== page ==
As Hidalgo County Commissioners have for the past few months steamrolled through a litany of decisions regarding the new Hidalgo County courthouse — hiring a project manager at risk, contractor, special counsel, architects, and last week approving a new slimmed-down schematic design — we are concerned that this process, which has taken years to get to this point, is now moving too fast.
Considering that two of the five members on the commission will be replaced in 2019, perhaps the court should hit the pause button, at least until the new commission is fully on board.
The new incoming county judge and commissioner for Precinct 4 could very well have very different ideas as to how this new facility should be built, where it should be built, the cost and possibly even if it should be built, at all.
Is it prudent to spend taxpayer’s money now on plans that could very likely change?
It’s no secret that a large faction of the public opposes this project. And, of late, we are hearing that at least two other options are being bantered about and have reached the ears of the two new likely commission replacements.
The court must move cautiously right now so that no excess funds are needlessly wasted.
Already millions of dollars have been spent on schematic designs, that date back many, many years and have changed many times.
Last Tuesday, these designs changed yet again, when commissioners voted to approve a new schematic design that will reduce the total square footage by 43,000 and drops the total construction cost estimate to $113 million, down from about $127 million.
John Niesen, courts planner project manager for HDR Architects, told us most of these reductions will not change the overall design, but they were able to “shrink” some spaces, such as lowering each floor’s story height to 15-feet, instead of 18-feet, and by narrowing some corridors and stairwells. Also, key was what he calls “value engineering,” whereby “we revisited with each department to make sure their needs were met but tried to cut costs where possible,” he told us last week.
Niesen said costs really dropped when they were able to plug in the actual fees, based on this design, to Morganti Texas Inc., the Houston contractors that commissioners officially hired on March 13.
Before that critical hire was made, Niesen told us, everything was a rough guesstimate.
By approving this new schematic design, commissioners have just officially launched this project into Phase II, or “Design Development,” which will begin implementing these designs into actual concepts. Any significant changes from this point on will be costly and difficult to change, and so now is the time for the court to seriously reconsider whether this timeline is in everyone’s best interests.
What if the new court — which takes over in January 2019 — goes a different direction entirely?
Democratic county judge candidate Richard Cortez told us last week that if he is elected in November then he would be open to studying any and all feasible courthouse plans.
“I honestly believe that the county judge and commissioner’s court has a duty to look at any alternatives that are available, even at this late in time, to give all taxpayers the confidence that this is the best that can be done before moving forward,” Cortez said.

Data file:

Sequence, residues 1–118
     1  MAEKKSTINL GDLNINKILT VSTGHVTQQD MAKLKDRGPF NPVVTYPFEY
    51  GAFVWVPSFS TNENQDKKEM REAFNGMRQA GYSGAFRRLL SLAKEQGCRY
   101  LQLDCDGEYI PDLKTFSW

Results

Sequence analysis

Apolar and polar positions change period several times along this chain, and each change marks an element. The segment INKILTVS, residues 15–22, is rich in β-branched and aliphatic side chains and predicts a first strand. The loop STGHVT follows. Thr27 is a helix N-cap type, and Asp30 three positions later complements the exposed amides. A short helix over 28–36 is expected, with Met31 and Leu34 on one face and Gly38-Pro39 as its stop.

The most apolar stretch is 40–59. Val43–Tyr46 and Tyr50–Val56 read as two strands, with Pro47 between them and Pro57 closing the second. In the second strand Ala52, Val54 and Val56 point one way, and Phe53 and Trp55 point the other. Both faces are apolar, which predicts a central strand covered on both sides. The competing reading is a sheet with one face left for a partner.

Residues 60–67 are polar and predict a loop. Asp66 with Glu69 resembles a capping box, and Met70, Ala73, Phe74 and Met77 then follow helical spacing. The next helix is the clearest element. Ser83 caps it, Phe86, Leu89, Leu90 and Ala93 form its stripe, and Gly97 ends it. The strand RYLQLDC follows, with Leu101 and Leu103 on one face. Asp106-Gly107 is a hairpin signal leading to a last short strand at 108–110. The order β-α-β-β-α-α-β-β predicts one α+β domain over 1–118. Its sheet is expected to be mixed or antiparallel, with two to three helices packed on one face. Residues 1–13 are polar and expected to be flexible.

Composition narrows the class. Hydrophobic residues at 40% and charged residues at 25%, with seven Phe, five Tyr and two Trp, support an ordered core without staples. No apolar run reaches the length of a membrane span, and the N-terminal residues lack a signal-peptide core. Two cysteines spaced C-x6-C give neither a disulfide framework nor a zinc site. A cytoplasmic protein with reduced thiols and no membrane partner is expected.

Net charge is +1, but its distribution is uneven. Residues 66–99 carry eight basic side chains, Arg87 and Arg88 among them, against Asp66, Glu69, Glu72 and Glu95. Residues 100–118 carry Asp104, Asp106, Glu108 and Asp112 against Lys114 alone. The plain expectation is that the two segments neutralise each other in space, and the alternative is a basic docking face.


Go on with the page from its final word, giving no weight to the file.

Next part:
A project of this magnitude needs that type of fair and objective thinking.
Ellie Torres, who beat Precinct 4 Commissioner Joseph Palacios last month and faces no opponent in November, has been attending courthouse workshops and commission meetings lately. She is often seen taking notes and has expressed to us some concerns with this project to date. After a particularly confusing workshop on March 12 in which various construction-related acronyms were bantered about, like GMP (guaranteed maximum price) and CMAR (construction manager at risk,) she lamented to us: “I was thinking if I was building a house I wouldn’t want to get a price on ‘Oh this would be the shell.’ I wouldn’t want to go off on price until I had all those details worked out. … “If I’m going to build a house I would make sure my house is complete.”
That’s a great point and kudos to her for taking the time now to be educated on this important subject before she takes office.
One proposal that was brought to the attention of The Monitor’s Editorial Board last week by Kent Burns, of Burns Brothers Development, would be to revive a previous proposal to relocate the courthouse near Burns’ 726-acre La Sienna development on U.S. 281 north of Monte Cristo Road.
Burns is apparently offering 20 acres to the county for free. Of course, the current land that the Hidalgo County courthouse sits on also was donated for free. But if moving the entire facility several miles north is a viable option, then there are other considerations such as whether the City of Edinburg would still kick in $30 million (although they haven’t yet done so officially) and what would happen to the $20 million in MPO state road improvement funds that have already been negotiated for the current courthouse site?
We’re not advocating for a change in location or plans, but merely stressing that with County Judge Ramon Garcia stepping down and Palacios leaving office, the players in this project will change and the new officials should be given the opportunity to explore all options. Plunging forward and making expensive decisions on a project that two-fifths of the five-member board will not be around to see to fruition could be a costly gamble that our county can’t afford.